So I watched Arbitrage, and it drove me a little batty that almost every character was from Hollywood Central Casting, Cliche Department. (The exception was the main character’s daughter, who was smart, ethical, savvy, a mother, and a generally decent human being. I think this would have been a better movie from her point of view.) In fact, when the Euro hipster art dealer mistress went to the back of the gallery during the big opening to snort cocaine, I busted out laughing. Dude, that is so 1988. **SPOILER** I also think the movie would have been better without the car wreck, which turned the whole thing into a two-hour episode of Law and Order, but what’re ya gonna do? **END SPOILER**
Fortunately, I didn’t stop watching there because the next scene was Tim Roth playing Columbo…and he really was playing Columbo! It wasn’t my imagination! “My deepest condolences, I’ll leave you alone now…but if I could just ask one question…I couldn’t help but notice that cut on your forehead. You mind telling me how that happened?” It was beautiful.
And did you know that Columbo isn’t actually original to Columbo? That character, the bumbling detective who is completely despised and dismissed by the criminal suspect, but who in reality is the smartest one in the room and trips up the suspect through roundabout questioning? That character has been around for a long time. Petrovich, the detective in Dostoyevsky’s Crime and Punishment is this type. And before that, Inspector Bucket in Dickens’ Bleak House. That’s right, Charles Dickens invented Columbo!
I love being an English major!
January 14, 2013
This post is for people eligible to nominate works for the Nebulas (active members of SFWA) or the Hugos (attended Worldcon last year, or will be attending this year and have already purchased your membership).
I’m mostly putting up this post because I’m actively campaigning to get Something Else Besides Doctor Who on the Best Dramatic Short category in the Hugo. So many works are eligible, there are so many good shows, good webisodes, good creative work being done. And seriously, Doctor Who just isn’t what it was five years ago, and can we please move on? So what am I going to be nominating?
“Happy Birthday, David.” Prometheus may have bombed, but this promo video is still astonishing, a two and a half minute bit of flash fiction on video that illuminates the emotional uncanny valley. It’s creepy, intriguing, and I love it.
“Absolut Greyhound.” I ought to be embarrassed recommending a vodka commercial for the Hugo, but I’m not, because this is another astonishing bit of flash fiction on video: a complete story about a certain kind of technology and the culture around it. Decadent and gorgeous.
Best Dramatic Long: I just want to remind everyone about Chronicle, the amazing Wild Cards-like found footage superhero flick from earlier in the year. I’ll also probably nominate Battlestar Galactica: Blood and Chrome, which hit all my big spaceship SF buttons and mostly did a great job, despite a mis-step in the plot. (Notice how them sleeping together didn’t actually change a darned thing and made little sense and didn’t need to happen?)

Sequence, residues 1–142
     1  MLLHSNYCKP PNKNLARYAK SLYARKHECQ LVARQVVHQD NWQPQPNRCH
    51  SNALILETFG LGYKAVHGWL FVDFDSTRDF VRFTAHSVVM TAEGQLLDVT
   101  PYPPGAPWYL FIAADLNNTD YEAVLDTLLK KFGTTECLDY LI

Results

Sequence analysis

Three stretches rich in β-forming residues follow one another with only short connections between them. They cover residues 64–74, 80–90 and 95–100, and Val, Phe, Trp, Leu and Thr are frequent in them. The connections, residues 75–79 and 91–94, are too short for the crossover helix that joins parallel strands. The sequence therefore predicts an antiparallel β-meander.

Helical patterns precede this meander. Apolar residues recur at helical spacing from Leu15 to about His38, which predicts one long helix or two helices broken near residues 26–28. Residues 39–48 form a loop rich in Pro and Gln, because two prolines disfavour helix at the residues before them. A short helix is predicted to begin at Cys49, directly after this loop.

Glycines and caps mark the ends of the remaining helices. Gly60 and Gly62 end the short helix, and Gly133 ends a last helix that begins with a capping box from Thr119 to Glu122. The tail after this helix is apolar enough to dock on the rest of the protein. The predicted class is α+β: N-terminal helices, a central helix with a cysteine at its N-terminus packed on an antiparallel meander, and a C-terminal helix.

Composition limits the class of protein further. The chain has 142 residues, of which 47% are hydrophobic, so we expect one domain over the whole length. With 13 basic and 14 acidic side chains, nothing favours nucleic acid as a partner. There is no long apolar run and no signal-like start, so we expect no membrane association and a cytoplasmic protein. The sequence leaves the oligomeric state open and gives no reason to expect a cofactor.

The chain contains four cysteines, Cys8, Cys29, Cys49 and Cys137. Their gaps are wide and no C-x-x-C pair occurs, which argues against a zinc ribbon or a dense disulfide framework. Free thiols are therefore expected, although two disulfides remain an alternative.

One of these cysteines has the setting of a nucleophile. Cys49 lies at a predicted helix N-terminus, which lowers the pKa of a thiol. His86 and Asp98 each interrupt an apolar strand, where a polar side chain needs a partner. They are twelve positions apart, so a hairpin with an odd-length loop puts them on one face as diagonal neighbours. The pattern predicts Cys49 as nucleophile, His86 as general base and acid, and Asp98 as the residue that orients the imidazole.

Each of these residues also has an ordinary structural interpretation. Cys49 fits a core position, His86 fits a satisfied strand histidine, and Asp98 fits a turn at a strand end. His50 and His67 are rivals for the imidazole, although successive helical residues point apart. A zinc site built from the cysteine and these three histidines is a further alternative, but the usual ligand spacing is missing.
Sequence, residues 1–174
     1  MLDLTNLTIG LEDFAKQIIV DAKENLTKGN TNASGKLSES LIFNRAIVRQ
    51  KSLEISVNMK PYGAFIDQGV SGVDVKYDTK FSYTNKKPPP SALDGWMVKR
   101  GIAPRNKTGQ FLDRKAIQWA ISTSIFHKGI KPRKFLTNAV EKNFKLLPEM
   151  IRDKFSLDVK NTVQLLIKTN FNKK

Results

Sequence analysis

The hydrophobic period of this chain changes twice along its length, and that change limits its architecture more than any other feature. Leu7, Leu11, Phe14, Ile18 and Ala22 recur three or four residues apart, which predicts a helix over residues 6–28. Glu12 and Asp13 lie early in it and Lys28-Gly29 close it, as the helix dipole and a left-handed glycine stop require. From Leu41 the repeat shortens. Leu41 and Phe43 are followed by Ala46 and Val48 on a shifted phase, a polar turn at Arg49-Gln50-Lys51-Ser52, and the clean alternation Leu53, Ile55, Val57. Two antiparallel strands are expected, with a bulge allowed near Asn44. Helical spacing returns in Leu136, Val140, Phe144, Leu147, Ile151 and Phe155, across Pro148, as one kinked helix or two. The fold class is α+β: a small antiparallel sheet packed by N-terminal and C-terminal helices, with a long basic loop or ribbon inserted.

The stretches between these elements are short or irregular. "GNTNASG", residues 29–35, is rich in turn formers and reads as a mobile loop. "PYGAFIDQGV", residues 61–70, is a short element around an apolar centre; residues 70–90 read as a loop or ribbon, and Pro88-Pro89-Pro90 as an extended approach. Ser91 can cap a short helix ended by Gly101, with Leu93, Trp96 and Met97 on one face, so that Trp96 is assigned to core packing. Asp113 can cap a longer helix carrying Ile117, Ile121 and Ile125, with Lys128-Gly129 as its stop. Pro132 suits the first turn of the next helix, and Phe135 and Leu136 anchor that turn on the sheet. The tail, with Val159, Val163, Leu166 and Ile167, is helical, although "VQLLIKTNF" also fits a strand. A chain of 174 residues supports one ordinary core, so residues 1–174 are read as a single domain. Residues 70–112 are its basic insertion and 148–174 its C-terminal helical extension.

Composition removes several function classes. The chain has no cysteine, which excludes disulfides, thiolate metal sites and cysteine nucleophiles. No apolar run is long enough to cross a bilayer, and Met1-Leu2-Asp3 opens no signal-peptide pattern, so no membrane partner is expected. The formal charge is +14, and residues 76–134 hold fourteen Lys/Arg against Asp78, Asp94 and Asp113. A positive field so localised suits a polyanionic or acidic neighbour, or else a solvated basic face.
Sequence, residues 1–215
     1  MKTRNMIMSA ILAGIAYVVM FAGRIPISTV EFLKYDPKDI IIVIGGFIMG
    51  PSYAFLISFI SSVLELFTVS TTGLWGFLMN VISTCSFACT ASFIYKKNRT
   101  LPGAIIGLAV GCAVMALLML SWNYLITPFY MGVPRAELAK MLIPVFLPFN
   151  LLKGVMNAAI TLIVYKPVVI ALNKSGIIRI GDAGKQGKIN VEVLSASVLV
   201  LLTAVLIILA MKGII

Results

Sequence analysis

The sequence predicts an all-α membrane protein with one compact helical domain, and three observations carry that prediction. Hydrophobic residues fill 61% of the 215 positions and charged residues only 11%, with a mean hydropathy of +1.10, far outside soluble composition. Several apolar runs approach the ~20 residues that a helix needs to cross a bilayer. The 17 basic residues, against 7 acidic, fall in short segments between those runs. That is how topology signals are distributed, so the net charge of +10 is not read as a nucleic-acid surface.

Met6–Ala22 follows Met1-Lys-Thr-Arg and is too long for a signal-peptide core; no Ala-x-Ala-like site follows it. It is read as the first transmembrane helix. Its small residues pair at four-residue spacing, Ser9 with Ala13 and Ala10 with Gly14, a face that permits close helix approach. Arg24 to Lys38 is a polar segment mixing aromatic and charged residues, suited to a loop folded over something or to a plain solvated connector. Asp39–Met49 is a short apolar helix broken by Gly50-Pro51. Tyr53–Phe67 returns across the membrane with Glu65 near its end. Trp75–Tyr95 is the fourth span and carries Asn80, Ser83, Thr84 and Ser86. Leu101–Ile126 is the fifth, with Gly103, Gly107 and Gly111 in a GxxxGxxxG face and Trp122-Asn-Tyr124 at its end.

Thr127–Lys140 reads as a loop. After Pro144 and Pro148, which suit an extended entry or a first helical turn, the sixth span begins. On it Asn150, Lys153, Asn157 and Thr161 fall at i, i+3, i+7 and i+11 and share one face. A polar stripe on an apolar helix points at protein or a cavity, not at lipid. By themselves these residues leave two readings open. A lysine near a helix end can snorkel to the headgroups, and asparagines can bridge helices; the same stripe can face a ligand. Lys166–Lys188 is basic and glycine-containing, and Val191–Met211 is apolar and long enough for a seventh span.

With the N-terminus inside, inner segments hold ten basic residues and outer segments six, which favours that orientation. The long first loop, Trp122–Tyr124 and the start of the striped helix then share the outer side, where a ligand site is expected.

And a couple of recommendations for best Novel:
Three Parts Dead by Max Gladstone. I talked a lot about this novel at cons last year, pretty much on any panel where someone asked how important it is to stick to strict genre categories, because this proves that good story trumps any kind of marketing category. Write a good book, the publisher will find a way to sell it. This one got marketed as urban fantasy, with the hot chick with a weapon on the cover. But it’s also a post-apocalyptic fantasy with gods that’s also a legal thriller. It’s pretty much unlike anything you’ve read.
Caliban’s War by James S.A. Corey, because I’m a fangirl of this series.
Seraphina by Rachel Hartman. Something I’ve learned with all the young adult books I’ve been reading over the last year: there really are some SF&F readers who refuse to read YA because they think it’s beneath them. And there really are YA fans who won’t read SF&F because they think it’s beneath them. So SF&F YA really gets the short end of the stick, and what that means is a lot of people are missing out on books that they’d really enjoy. Like Seraphina, a traditional fantasy with dragons, great worldbuilding, a complex society and politics, that’s also a book about passing. If you love Robin McKinley and Patricia McKillip, you should read this book. Don’t overlook it just because it’s labeled as YA.
More as I think of them…I’m woefully behind on reading shorter fiction this year. We’ll see if I can catch up.